When you’re getting ready to get outside or get in a hard gym session, it’s all too easy to load up on carbohydrates. But while our body turns to carbs first for readily accessible energy and this strategy works fine for shorter bursts of activity, you’re going to need more to get you through an epic session. That’s where fat comes in.

For far too long, athletes believed the alarmist warnings that spurred the low-fat craze – that fat causes heart disease and umpteen other health problems. But in recent years, nutritionists and sports scientists have come to realize they were dead wrong about the connection between fat and illness, and that in fact, as long as you’re avoiding the villains of the fat world (see: trans fat), that eating more fat can be beneficial. It not only provides calorie-dense, slow burning fuel, but can also help you recover better, improve skin and joint health and actually do your heart good. Here are 3 fats you should add to your next grocery list.

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Coconut

There’s a reason that Bulletproof Coffee founder Dave Asprey made MCT (medium chain triglycerides) oil a key component of his wildly popular drink. The medium chain fatty acids found in coconuts are metabolized quickly, making them the perfect fuel for exercise. One study found that including MCTs in your daily diet can increase energy expenditure by 5 percent. While you can buy concentrated MCT oil, stick to real coconut, which you can sprinkle on oatmeal and add to smoothies. You can even just eat a spoonful of coconut oil (despite the name, it’s solid when not heated) once a day. One word of caution: too much coconut can have a laxative effect.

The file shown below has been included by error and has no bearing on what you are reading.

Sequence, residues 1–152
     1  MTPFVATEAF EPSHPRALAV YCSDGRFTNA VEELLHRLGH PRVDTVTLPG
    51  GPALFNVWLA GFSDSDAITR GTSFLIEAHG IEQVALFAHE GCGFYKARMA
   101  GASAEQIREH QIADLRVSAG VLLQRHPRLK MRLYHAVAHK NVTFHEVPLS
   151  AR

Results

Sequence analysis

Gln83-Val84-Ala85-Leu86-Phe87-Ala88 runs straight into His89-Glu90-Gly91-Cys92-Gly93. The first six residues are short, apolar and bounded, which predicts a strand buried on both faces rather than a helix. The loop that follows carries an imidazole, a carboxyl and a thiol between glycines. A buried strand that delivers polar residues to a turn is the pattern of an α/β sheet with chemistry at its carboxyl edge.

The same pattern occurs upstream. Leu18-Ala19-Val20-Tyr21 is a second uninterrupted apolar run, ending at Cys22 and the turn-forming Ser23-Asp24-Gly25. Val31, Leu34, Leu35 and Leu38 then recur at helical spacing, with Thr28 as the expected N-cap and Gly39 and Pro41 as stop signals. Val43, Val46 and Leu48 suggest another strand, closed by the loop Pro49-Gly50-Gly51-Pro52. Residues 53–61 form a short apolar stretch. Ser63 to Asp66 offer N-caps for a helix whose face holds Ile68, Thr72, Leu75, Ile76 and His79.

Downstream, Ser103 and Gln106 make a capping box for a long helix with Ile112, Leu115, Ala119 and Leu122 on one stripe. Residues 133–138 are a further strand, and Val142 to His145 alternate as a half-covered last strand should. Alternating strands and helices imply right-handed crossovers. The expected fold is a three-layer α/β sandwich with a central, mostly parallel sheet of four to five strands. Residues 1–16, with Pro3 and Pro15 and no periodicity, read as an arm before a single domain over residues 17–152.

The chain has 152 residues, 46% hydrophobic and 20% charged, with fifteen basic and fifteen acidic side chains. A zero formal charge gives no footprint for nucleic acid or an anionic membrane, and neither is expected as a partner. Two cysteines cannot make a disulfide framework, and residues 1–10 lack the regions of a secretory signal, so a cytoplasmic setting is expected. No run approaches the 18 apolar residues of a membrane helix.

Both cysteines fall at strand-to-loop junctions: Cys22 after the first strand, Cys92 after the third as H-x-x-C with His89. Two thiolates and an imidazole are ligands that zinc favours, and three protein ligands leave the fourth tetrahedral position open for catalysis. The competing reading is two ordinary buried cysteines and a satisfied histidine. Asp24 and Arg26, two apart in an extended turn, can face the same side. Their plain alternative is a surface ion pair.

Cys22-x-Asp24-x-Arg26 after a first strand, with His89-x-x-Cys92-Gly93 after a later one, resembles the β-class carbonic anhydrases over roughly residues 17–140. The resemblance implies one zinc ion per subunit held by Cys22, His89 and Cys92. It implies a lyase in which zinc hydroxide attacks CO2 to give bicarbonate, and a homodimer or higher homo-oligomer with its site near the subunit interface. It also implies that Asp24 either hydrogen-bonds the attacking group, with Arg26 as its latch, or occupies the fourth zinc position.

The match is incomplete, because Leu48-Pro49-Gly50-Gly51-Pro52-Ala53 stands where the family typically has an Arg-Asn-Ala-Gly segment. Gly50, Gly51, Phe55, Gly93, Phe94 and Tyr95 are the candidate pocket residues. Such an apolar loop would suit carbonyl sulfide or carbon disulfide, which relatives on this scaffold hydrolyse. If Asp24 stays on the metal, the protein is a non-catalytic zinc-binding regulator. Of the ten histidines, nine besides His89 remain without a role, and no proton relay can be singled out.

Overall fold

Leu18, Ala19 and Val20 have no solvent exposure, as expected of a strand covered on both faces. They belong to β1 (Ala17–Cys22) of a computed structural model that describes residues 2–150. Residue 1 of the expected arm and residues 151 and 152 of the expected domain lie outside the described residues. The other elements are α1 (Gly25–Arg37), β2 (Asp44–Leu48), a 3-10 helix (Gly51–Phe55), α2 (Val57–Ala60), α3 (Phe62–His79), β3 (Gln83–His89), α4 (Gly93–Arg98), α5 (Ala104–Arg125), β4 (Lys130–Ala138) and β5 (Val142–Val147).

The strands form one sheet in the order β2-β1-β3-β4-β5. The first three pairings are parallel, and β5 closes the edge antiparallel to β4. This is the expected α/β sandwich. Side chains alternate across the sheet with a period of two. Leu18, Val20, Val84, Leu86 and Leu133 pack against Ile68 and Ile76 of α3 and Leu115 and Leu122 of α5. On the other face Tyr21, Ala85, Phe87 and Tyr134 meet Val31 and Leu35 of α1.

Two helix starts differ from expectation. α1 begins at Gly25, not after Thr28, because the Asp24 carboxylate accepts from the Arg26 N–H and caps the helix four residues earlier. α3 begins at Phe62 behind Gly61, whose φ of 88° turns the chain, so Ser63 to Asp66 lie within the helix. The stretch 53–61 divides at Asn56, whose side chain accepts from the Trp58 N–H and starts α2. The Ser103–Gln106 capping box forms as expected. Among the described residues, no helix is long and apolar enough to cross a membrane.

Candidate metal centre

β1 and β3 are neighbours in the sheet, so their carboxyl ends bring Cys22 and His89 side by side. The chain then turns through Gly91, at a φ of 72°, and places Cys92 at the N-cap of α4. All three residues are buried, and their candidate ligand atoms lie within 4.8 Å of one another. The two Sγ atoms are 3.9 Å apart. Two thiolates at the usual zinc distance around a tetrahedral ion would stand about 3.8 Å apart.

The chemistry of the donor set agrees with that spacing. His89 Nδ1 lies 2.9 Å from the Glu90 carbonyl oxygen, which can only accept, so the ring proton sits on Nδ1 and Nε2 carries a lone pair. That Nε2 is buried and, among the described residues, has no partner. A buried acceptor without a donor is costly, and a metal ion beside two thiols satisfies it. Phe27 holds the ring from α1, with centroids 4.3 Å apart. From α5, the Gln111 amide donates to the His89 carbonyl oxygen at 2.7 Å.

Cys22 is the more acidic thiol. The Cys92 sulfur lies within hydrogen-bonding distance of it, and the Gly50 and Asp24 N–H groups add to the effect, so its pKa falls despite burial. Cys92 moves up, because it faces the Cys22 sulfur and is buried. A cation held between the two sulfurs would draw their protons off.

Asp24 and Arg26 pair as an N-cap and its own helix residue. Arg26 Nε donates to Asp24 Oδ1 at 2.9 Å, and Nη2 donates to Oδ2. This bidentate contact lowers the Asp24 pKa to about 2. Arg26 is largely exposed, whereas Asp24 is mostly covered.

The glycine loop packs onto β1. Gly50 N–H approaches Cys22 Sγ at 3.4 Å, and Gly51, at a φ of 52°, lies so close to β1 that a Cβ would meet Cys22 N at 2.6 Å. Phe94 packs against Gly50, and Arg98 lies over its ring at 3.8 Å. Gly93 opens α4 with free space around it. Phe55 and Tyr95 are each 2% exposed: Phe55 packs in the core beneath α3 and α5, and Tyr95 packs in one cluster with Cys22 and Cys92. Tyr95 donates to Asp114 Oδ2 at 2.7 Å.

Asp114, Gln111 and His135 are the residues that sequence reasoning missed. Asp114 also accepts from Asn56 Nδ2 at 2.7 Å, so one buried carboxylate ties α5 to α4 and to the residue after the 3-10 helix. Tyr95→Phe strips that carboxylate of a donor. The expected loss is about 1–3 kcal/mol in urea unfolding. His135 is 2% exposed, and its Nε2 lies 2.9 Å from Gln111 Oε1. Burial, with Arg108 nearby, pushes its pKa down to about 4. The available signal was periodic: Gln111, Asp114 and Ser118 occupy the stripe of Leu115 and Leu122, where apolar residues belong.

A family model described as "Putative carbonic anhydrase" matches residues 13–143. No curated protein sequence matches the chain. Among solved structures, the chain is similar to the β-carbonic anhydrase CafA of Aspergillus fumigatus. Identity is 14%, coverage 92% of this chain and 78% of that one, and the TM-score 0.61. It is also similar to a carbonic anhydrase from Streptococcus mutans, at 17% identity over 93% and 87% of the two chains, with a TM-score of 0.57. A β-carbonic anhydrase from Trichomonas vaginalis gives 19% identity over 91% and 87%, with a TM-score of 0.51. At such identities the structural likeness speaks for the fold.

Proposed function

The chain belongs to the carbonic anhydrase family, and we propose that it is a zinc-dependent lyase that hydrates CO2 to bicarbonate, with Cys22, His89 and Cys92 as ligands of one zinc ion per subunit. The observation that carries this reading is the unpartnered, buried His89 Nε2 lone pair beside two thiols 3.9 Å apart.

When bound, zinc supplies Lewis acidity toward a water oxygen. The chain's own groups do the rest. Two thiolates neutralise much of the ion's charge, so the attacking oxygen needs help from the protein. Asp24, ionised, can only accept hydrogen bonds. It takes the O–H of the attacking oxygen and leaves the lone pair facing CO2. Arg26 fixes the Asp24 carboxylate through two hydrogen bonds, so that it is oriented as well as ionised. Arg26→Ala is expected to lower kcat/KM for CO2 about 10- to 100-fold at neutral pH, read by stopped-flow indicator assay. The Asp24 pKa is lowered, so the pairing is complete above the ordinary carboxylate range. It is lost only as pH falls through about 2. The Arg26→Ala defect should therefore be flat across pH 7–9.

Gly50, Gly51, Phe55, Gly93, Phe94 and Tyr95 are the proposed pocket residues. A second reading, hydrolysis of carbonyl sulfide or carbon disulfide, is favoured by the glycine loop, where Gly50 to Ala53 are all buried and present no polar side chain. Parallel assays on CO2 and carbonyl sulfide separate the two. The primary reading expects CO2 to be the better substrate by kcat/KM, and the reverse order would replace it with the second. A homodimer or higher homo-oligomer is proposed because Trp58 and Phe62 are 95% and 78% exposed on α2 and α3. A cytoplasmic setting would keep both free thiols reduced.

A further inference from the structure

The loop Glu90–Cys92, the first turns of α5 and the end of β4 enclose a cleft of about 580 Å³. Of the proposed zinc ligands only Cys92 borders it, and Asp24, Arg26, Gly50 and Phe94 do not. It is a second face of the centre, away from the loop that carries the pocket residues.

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Chia Seeds

In the book Born To Run, Chris McDougall discovered that chia seeds are the nutrition secret that fuels the Tarahumara tribe to amazing feats of endurance. While fish is the most popular source of omega 3 fatty acids, a serving of chia seeds packs the same Omega 3 punch as salmon, making if perfect for those who are allergic to fish or just don’t like it. This type of fat reduces the joint inflammation that often plagues athletes and helps reduce post-workout soreness. Plus, chia is a rich source of minerals like magnesium, which is involved in over 300 bodily processes. You can include chia in baking and cereal, or put a scoop in a glass of water, add a little sea salt and lemon or lime juice and leave overnight in the fridge. The seeds absorb 10 times their weight in water and will turn into a gel-like drink (sounds gross, but it isn’t). Because of this and their high fiber content, chia seeds also aid digestion.

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Avocado

Go nuts on the home made guac! ( the bag of tortilla chips is another story). Avocado is one of the only fat-rich fruits and as well as offering lasting energy, its monounsaturated fats can actually lower cholesterol – take that, anti-fat alarmists. In addition, these fats help your body convert the carotenoids that give avocado flesh its color into vision protecting vitamin A. Plus, avocados are high in vitamin K, which promotes bone health. As well as loading up on guacamole, you can toss avocado into salads, slice it up to add to sandwiches and use it as a cream cheese substitute.



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